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Darwinian evolution is blind, so cannot see forward or backwards. (although there are a couple of interesting examples of species such as bats returning to the ground to forrage on islands where there are no/ few predators / compettition.) Changes (through random mutation etc.) can be of "benefit" "disbenefit" or "neutral". Beneficial changes are more likely to make the individual "fitter" and more likely to succeed in passing the changes on to future generations. Equally, a change that is not beneficial or neutral can still be passed on, but is less likely to be and over time, the beneficial changes in a population will tend to be reinforced (by increasing the chances of survival) whereas the "negative" changes will tend to die out. (This of course is a massive over simplification)ok, but i understand the principals you explained here. So, as far as i understood you, you (and i) agree that we should try to focus on the future more than the past, to initialize this kind of evolutionary process in ourselves on purpose, resulting in an eventual turning around of "the backwards walking man"? Right? Sorry, English is my second language, there might be some mistakes. Tnx for giving this thought some of your time.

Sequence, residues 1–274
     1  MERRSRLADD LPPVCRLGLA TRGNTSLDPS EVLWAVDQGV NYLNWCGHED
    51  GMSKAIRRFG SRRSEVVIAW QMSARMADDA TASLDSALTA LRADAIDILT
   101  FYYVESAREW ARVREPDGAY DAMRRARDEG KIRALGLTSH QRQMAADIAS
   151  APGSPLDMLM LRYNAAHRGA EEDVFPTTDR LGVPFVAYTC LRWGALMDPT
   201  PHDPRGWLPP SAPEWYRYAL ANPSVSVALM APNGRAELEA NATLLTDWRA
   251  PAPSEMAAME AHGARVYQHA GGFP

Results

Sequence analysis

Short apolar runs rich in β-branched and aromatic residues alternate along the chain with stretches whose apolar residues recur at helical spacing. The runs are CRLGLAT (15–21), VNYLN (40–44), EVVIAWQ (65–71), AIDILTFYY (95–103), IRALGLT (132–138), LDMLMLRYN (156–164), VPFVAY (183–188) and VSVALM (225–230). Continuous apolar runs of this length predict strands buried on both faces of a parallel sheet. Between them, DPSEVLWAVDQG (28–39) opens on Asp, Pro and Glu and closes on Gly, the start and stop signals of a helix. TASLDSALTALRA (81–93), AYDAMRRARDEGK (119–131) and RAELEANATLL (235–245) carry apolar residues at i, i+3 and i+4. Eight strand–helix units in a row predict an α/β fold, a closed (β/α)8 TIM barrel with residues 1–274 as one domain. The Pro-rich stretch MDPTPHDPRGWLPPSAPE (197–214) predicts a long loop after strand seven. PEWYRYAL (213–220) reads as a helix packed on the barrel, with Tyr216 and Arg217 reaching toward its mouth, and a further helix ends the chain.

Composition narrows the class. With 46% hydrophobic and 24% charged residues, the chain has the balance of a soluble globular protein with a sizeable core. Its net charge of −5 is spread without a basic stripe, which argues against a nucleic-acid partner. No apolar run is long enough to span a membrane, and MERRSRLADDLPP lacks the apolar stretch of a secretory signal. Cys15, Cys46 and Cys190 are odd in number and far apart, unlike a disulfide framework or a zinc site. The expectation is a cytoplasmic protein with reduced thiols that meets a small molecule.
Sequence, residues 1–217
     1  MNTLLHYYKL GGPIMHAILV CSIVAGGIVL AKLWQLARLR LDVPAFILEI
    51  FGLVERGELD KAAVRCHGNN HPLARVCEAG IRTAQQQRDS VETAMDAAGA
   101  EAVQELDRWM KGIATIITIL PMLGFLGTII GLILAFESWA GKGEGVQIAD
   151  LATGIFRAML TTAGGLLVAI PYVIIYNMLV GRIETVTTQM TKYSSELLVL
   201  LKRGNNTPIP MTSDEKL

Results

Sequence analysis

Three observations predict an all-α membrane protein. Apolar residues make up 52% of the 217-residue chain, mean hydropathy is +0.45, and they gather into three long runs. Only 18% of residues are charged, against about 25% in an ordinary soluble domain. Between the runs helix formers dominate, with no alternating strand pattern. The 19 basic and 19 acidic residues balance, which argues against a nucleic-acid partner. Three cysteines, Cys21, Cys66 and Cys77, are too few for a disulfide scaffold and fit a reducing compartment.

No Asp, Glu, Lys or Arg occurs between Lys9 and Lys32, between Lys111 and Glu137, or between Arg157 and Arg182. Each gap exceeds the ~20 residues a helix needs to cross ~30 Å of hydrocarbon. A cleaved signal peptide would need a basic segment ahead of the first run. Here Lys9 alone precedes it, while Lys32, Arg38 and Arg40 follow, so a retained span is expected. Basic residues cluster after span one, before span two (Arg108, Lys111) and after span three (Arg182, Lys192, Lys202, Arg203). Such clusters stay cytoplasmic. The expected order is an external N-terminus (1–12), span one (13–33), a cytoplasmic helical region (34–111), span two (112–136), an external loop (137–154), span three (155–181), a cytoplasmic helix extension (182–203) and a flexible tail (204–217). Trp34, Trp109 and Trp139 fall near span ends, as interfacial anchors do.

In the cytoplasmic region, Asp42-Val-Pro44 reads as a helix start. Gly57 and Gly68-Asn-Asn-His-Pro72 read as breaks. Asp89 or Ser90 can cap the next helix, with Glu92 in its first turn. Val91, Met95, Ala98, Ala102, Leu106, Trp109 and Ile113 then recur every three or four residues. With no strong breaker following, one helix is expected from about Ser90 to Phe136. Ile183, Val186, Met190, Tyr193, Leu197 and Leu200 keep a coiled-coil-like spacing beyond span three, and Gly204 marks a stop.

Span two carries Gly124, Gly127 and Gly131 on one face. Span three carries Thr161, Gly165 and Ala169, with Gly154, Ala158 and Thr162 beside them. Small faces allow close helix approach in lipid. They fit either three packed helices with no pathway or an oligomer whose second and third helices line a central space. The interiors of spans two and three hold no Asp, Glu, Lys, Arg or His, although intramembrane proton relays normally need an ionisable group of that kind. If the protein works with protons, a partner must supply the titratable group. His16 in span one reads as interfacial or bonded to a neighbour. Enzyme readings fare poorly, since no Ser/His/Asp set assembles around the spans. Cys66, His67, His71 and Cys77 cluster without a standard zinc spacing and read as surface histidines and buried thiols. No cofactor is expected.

Hmmm...Interesting.Evolution has a few parts. Perhaps you could think of random mutations as trying new things in the future.And... That Nature can be very unforgiving of past mistakes. Of course, there is nothing other than statistics to prevent evolution from trying the same mutation more than once.People, of course, turn nature updside-down. So, for example, if a species is adapted to having 2 offspring a year. Over hunting can cause that to be far below replacement value.